From its conception, LandMark was designed to have 3 main components: a community engagement element, a citizen design lab and photo-stories. The citizen design lab was originally imagined to be an interactive city-building space where participants could build and rebuild the city throughout the night, highlighting that city-building is never done by one person alone.
As LandMark grew as a project, we knew that strengthening our community partnerships meant collaborating with different organizations so when the opportunity to collaborate with Institute Without Boundaries arose, we knew we had to embrace the opportunity.
We met with the new incoming students in early September to share the initial concepts but really to create the container for a LandMark citizen design lab that would take on a new spin. We didn’t want to dictate what the students could or could not do, that would defeat the purpose of the collaboration. We shared the same creative brief with the students that our photographers worked with and knew that the openness might be daunting at first, but it offered a lot of opportunity for creativity and originality.
The IwB class is a small group of about 10-12 students. In an afternoon of brainstorming and ideation, they came up with two ideas that eventually became the Gazebo Confessionals and a Fondest Memories Wall. Both installations offered visitors a way to interact with LandMark either by individually sharing a story on the Memory Wall or connect with a stranger or several.
A HUGE thanks to the students of IwB who toughed it out for LandMark and really helped us animate St. James Park in an exciting way.
It is hard to believe that a little less than a month ago, we stayed up all night in St. James Park for LandMark. This project was an unbelievable triumph of community partnerships and stories.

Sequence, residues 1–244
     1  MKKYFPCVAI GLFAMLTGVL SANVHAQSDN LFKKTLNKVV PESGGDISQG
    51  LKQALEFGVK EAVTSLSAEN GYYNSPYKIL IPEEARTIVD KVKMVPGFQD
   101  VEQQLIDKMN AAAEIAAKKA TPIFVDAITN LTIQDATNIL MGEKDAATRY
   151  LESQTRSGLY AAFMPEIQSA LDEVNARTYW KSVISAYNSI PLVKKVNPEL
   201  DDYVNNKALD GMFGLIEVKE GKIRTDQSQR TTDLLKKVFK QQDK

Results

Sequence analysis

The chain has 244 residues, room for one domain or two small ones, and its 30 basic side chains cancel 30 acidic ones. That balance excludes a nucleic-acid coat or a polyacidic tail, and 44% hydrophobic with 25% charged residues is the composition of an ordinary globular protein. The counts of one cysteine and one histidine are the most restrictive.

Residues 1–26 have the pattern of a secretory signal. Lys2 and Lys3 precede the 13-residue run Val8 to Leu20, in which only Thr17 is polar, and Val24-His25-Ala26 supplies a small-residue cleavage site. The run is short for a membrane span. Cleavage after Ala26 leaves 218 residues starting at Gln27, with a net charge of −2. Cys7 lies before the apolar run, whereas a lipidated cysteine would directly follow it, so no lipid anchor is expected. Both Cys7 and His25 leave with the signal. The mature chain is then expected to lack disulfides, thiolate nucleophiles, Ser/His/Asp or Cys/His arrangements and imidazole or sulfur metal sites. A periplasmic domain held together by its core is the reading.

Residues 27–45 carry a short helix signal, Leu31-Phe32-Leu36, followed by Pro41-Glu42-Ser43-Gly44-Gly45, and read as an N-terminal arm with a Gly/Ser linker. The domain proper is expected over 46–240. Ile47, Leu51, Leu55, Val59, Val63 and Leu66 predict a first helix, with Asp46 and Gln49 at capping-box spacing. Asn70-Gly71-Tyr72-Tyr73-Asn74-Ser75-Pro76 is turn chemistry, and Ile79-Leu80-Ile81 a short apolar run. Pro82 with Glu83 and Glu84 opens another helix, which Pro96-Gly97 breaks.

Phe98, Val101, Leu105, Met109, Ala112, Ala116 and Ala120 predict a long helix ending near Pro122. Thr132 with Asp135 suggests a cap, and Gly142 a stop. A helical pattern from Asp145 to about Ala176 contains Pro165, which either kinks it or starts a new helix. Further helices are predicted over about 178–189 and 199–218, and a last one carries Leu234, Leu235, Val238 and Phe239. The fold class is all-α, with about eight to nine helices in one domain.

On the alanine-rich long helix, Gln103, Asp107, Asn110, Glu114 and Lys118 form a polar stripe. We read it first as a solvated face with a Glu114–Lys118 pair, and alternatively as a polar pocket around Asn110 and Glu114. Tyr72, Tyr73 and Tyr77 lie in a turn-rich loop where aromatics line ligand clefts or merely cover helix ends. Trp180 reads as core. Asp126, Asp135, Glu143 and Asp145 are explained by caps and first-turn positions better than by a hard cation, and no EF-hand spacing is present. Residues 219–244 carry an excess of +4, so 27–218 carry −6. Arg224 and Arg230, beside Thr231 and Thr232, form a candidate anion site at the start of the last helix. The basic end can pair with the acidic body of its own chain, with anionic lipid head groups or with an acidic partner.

In February, we submitted a proposal for a Scotiabank Nuit Blanche independent project following a few conversations with the St. Lawrence Market Neighbourhood BIA. The idea for LandMark was born out of a goal to capture stories and bridge together different community organizations from the neighbourhood to complete one goal.
We specifically chose St. James Park as the site for our proposal, as it is a site rich with history and controversy. It is well known as the site of the Occupy Toronto protest and demonstration in 2011, the site of the St. James Cathedral which is the first church in the city of York and where you can still take bell-ringing classes, and now it is home to Music in the St. James Park where you can enjoy free concerts in the park on Thursdays throughout the summer. We knew this was a park of many layers and it was those layers that inspired the theme of LandMark.
To uncover the city, layer by layer.
This theme alongside the curatorial mission to capture the stories of everyday heroes, LandMark emerged as a one-time event that can only be created by these partners at this time.
What is remarkable about this project, is that each of the partners were like a moving piece of well-oiled machine, without each other, this project would never have come to life in the way that it did. Much like a community, we are a series of individual pieces that can operate separately, but collectively can accomplish larger goals without taking on the entire workload individually.